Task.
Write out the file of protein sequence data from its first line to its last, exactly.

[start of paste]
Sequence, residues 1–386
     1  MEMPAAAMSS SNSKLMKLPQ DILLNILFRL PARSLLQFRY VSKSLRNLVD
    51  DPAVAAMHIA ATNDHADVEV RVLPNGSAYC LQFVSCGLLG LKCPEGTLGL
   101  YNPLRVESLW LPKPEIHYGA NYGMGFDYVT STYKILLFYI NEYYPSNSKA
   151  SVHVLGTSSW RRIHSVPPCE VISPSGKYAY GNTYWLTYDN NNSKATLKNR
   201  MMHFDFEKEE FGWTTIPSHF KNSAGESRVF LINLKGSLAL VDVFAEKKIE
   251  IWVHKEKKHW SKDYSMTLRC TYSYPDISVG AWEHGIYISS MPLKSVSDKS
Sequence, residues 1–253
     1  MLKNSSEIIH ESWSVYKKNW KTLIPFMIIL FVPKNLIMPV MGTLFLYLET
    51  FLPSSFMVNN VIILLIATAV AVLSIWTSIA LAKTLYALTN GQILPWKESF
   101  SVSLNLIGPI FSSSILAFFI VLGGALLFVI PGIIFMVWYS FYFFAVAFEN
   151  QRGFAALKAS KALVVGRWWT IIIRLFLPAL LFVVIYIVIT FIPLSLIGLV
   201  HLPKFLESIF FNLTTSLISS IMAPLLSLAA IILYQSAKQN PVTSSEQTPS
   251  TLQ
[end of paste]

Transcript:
Sequence, residues 1–386
     1  MEMPAAAMSS SNSKLMKLPQ DILLNILFRL PARSLLQFRY VSKSLRNLVD
    51  DPAVAAMHIA ATNDHADVEV RVLPNGSAYC LQFVSCGLLG LKCPEGTLGL
   101  YNPLRVESLW LPKPEIHYGA NYGMGFDYVT STYKILLFYI NEYYPSNSKA
   151  SVHVLGTSSW RRIHSVPPCE VISPSGKYAY GNTYWLTYDN NNSKATLKNR
   201  MMHFDFEKEE FGWTTIPSHF KNSAGESRVF LINLKGSLAL VDVFAEKKIE
   251  IWVHKEKKHW SKDYSMTLRC TYSYPDISVG AWEHGIYISS MPLKSVSDKS
Sequence, residues 1–253
     1  MLKNSSEIIH ESWSVYKKNW KTLIPFMIIL FVPKNLIMPV MGTLFLYLET
    51  FLPSSFMVNN VIILLIATAV AVLSIWTSIA LAKTLYALTN GQILPWKESF
   101  SVSLNLIGPI FSSSILAFFI VLGGALLFVI PGIIFMVWYS FYFFAVAFEN
   151  QRGFAALKAS KALVVGRWWT IIIRLFLPAL LFVVIYIVIT FIPLSLIGLV
   201  HLPKFLESIF FNLTTSLISS IMAPLLSLAA IILYQSAKQN PVTSSEQTPS
   251  TLQ